Keywords: Prey detection, myrmecophagy, kairomone, Salticidae, Habrocestum pulex

Journal of Arachnology 28:309-318

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LIFE HISTORY OF PARDOSA MOESTA AND PARDOSA MACKENZIANA (ARANEAE, LYCOSIDAE) IN CENTRAL ALBERTA, CANADA

Christopher M. Buddle: Department of Biological Sciences, University of Alberta, Edmonton, Alberta T6G 2E9 Canada

ABSTRACT. The density, fecundity, and life-cycle of Pardosa maesta Banks 1892 and Pardosa mackenziana (Keyserling 1877) were studied in a deciduous forest in central Alberta, Canada. Density estimates were lower than reported for other Pardosa species; they ranged from 0.46 per square meter for male P. mackenziana to 2.99 per square meter for immature P. mackenziana. Adult female densities were below I per square meter for both species. Clutch sizes were highly vanable and averaged (+/- SE) 33.06 +/- 1.29 for P. moesta and 48.37 +/- 1.67 for P. mackenziana. Although clutch size was positively related to female size, little of the variation was adequately explained by female size alone. Several lines of evidence suggest that P. moesta and P. mackenziana require two years to mature in central Alberta, with a peak reproductive period in May and June. Females carry egg sacs into the summer months and immature spiders overwinter following the first growing season when they are still less than 5 mg in weight. After a second summer of growth, subadults overwinter and maturation occurs early in the spring.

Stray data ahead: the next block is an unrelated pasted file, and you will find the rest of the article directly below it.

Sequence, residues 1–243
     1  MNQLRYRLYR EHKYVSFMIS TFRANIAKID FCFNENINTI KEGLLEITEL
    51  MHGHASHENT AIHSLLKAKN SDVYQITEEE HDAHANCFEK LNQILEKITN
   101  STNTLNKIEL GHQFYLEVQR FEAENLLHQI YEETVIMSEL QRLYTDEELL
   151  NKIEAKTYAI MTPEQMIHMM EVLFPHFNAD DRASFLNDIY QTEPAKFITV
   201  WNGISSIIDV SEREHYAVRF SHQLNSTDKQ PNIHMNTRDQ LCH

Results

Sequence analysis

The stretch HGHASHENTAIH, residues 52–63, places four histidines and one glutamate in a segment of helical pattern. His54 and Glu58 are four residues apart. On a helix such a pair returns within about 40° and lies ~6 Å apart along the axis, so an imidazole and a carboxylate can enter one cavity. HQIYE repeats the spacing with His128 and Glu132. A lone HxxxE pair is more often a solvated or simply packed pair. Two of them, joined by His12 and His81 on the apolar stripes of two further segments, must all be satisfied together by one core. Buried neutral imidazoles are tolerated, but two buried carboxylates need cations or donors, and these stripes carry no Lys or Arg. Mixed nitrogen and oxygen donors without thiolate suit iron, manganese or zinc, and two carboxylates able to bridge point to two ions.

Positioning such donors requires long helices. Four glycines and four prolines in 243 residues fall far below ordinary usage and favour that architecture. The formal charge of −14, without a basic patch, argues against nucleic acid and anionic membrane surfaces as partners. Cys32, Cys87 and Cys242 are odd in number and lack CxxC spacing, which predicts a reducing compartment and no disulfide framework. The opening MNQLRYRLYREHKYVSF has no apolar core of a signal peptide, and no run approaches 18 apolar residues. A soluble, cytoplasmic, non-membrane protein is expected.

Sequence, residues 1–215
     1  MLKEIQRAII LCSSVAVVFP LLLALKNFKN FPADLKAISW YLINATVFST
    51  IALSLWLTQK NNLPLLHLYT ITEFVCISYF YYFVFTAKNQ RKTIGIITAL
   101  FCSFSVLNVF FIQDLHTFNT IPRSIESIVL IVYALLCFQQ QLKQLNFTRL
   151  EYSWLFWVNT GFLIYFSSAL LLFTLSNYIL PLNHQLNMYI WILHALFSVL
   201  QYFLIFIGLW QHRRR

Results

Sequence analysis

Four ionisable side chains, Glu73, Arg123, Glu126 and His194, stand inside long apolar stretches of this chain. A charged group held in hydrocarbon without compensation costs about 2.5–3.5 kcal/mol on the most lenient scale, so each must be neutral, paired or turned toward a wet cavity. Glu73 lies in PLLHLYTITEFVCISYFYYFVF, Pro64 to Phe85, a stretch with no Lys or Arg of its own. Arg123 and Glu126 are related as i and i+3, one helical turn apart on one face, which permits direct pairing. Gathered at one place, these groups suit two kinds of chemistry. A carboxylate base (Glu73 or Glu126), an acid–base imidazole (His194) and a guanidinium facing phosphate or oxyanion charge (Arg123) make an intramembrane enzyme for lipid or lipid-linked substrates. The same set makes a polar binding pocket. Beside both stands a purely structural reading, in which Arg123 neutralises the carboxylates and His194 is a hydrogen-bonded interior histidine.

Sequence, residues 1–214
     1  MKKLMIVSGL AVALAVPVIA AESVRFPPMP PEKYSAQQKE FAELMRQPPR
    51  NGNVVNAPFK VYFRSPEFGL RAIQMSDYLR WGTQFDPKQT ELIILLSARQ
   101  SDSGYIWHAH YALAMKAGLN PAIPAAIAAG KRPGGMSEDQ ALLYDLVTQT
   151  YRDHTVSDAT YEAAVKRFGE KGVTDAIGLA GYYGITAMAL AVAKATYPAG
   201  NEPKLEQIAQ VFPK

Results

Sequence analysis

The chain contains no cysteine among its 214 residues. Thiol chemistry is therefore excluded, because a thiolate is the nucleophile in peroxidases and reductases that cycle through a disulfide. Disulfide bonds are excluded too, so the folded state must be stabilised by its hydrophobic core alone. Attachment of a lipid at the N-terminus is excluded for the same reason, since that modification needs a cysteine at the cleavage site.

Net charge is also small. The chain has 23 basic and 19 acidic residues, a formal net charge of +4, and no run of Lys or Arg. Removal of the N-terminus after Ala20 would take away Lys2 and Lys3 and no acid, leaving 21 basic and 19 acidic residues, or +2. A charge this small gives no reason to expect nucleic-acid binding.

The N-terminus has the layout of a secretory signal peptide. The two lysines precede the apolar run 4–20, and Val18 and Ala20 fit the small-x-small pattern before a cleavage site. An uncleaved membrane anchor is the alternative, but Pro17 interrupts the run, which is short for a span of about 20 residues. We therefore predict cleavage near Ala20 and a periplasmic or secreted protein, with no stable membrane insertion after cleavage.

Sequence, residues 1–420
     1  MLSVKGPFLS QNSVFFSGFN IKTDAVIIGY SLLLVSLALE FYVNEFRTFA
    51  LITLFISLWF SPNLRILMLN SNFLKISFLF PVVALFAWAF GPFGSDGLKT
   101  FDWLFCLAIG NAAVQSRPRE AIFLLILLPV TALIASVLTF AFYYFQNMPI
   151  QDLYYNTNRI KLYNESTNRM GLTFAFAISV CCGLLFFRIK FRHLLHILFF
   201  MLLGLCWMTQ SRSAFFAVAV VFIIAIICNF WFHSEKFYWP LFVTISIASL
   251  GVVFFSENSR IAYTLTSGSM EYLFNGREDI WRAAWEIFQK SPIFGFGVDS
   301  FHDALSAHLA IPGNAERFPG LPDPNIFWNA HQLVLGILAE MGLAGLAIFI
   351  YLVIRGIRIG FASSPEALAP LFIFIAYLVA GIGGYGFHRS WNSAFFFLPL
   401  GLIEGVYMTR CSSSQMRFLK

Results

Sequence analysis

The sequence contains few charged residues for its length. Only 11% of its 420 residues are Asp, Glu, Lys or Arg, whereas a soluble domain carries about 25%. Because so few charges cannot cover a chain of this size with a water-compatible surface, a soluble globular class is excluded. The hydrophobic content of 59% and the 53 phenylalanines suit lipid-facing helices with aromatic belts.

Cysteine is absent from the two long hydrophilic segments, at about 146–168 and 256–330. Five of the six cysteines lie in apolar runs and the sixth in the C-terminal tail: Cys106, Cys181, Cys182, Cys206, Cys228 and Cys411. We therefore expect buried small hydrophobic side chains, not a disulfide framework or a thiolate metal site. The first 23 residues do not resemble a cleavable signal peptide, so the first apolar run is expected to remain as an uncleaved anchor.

Keywords: Lycosidae, density, fecundity, phenology, life-cycle

Journal of Arachnology 28:319-328

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A STRUCTURED INVENTORY OF APPALACHIAN GRASS BALD AND HEATH BALD SPIDER ASSEMBLAGES AND A TEST OF SPECIES RICHNESS ESTIMATOR PERFORMANCE

Douglas S. Toti, Frederick A. Coyle, and Jeremy A. Miller: Department of Biology, Western Carolina University, Cullowhee, North Carolina 28723 USA